Thursday, September 15, 2011

Fear itself

I believe in aromatherapy. I have a database of inspirational quotes. I tout the psychological benefits of exercise, and I practice what I preach.

Yet somehow, I end up spending a good chunk of my time afraid.

Part of this is necessary. I take a decent amount of (healthy) risks, because you can't savor a fear and adrenaline cocktail from the comfort of your couch.

Still, I don't welcome fear with open arms. It surfaces in a variety of forms. Sometimes I fear I won't hit certain life milestones. (Thanks, Facebook!) Sometimes I fear I'll regret the quality of my relationships, or lack thereof.

And sometimes -- like right now -- I fear things as mundane as a kickball game.

Naturally, my first instinct in this situation is to remind myself that concentrating on fear is a losing proposition -- it will consume your thoughts to the point where your dreaded outcome materializes.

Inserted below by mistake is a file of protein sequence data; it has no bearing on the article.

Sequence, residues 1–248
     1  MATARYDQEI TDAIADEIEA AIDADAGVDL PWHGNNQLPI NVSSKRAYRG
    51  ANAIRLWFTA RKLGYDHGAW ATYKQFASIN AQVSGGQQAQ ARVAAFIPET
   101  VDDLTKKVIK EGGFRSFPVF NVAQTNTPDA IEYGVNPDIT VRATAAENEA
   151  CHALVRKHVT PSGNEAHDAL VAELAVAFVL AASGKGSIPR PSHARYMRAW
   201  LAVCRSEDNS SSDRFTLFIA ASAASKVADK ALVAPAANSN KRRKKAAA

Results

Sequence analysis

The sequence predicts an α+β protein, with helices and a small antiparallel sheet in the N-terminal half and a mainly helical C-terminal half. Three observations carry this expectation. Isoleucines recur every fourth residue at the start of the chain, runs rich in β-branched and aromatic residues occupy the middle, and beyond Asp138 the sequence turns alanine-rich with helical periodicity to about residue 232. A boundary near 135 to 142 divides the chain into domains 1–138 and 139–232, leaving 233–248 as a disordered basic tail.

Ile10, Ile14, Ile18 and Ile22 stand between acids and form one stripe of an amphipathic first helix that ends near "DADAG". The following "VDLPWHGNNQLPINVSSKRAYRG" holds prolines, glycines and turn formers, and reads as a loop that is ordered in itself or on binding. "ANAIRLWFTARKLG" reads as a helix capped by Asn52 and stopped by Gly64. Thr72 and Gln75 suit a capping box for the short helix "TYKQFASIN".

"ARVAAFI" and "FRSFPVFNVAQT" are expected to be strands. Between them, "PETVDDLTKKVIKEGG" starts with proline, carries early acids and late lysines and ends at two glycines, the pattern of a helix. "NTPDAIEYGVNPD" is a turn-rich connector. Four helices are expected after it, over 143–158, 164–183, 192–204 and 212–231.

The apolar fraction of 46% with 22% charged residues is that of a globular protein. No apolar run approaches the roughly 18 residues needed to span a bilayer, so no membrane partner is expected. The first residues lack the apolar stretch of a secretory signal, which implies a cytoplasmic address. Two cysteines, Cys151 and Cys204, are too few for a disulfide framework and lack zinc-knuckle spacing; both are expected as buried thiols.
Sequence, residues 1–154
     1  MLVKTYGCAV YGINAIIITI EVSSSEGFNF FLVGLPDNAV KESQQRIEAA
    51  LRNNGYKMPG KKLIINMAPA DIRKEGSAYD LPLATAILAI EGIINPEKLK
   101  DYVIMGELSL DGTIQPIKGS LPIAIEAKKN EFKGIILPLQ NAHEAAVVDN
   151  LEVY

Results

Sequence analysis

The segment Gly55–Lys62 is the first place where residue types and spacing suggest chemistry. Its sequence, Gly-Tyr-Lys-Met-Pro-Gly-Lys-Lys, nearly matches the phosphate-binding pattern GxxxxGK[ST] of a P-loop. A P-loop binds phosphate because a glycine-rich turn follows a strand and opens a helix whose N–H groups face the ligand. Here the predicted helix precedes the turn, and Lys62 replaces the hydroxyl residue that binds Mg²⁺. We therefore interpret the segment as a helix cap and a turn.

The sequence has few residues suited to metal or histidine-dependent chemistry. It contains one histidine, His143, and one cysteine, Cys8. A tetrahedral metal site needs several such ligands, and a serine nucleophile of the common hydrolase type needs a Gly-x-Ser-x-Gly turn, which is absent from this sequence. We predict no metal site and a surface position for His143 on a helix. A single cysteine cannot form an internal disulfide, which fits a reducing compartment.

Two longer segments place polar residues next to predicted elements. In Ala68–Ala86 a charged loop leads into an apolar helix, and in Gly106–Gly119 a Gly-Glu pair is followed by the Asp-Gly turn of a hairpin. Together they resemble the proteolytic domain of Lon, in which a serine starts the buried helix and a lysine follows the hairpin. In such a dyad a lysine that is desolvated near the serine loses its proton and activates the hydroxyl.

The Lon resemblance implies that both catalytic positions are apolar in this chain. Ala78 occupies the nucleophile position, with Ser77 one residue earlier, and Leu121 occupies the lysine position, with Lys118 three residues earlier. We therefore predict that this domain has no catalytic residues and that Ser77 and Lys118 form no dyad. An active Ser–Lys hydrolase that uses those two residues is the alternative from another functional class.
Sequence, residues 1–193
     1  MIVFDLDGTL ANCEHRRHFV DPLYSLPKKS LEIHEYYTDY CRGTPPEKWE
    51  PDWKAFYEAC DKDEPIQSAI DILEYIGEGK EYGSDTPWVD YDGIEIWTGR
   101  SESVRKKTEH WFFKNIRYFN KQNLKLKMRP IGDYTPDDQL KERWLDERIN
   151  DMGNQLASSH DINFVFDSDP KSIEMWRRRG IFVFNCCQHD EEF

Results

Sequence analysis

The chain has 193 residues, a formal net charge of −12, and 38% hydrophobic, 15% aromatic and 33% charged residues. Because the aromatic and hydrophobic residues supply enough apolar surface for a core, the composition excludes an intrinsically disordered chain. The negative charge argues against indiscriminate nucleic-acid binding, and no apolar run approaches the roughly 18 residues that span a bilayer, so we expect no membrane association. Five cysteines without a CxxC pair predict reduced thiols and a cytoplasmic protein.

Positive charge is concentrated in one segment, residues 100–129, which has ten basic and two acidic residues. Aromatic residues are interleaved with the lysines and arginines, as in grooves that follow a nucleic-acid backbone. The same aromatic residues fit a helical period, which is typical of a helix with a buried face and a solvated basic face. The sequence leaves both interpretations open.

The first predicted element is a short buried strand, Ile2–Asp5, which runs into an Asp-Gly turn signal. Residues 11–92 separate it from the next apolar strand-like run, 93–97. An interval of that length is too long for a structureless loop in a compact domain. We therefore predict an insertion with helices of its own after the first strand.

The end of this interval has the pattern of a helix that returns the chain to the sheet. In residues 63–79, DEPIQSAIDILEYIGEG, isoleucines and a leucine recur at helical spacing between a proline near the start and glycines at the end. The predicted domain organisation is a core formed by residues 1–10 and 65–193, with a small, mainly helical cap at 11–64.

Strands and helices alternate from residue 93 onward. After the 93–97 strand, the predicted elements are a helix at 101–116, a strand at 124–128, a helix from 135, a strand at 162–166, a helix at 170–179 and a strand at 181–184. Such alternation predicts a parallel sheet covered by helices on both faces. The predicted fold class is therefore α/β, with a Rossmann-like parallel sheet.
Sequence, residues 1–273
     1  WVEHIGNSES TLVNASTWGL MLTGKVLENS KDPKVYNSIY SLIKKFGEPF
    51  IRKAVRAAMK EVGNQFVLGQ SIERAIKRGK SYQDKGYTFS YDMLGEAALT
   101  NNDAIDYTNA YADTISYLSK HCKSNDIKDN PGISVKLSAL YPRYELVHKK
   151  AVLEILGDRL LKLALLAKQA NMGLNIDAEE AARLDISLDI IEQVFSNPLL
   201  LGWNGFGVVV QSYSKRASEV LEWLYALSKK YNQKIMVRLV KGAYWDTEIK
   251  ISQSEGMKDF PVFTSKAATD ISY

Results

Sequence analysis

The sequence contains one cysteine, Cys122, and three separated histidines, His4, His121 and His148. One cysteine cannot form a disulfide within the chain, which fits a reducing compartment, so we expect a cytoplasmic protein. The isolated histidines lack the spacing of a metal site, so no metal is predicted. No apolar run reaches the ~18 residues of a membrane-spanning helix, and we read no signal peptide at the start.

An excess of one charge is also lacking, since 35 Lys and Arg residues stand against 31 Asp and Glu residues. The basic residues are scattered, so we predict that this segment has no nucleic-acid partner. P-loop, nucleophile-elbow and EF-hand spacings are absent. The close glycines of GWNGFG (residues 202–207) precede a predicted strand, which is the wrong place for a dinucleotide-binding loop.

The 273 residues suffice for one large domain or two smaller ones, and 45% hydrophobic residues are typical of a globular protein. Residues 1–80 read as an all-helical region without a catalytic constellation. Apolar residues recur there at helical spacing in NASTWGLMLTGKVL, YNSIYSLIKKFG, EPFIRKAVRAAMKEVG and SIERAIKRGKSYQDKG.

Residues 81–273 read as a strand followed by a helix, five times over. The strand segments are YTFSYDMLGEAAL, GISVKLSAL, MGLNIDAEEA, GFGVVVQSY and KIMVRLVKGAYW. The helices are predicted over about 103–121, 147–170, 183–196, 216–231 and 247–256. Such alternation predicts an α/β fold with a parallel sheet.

That approach doesn't always work. Maybe it's too rational. So I've turned to Courage -- as in, the name of a tube of bareMinerals lip gloss in my purse right now. Laugh, but I use it very selectively and so far it has a perfect fear-conquering track record.

We all have a version of Courage lip gloss -- something that temporarily blinds us to what we consider a really complicated world. Sometimes, however, fear disappears when we realize it really isn't that complicated after all.

I'll leave you with an excerpt from Roger Ebert's new memoir:

I believe that if, at the end, according to our abilities, we have done something to make others a little happier, and something to make ourselves a little happier, that is about the best we can do. To make others less happy is a crime.

To make ourselves unhappy is where all crime starts. We must try to contribute joy to the world. That is true no matter what our problems, our health, our circumstances.